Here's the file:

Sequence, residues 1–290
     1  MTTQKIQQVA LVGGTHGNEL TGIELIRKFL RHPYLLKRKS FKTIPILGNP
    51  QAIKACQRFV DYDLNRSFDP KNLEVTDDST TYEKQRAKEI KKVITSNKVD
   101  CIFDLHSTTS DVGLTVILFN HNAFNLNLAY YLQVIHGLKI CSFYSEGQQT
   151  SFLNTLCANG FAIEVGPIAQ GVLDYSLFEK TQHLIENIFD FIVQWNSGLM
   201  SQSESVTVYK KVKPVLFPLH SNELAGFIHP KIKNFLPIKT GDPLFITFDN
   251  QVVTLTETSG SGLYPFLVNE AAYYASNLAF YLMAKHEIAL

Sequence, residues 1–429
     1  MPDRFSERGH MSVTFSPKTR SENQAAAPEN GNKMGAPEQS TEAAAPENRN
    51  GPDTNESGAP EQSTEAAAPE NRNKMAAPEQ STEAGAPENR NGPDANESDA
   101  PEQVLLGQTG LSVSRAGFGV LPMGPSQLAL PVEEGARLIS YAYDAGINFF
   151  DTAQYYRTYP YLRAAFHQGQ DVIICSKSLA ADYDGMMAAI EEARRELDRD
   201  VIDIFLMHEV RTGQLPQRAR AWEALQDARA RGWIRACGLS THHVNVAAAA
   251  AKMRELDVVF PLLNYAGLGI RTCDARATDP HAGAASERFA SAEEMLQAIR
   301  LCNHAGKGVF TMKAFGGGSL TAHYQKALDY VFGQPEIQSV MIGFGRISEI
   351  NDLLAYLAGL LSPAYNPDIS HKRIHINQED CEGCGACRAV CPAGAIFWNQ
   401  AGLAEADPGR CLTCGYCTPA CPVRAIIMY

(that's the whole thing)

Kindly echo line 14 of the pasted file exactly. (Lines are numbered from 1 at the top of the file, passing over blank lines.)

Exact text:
   251  AKMRELDVVF PLLNYAGLGI RTCDARATDP HAGAASERFA SAEEMLQAIR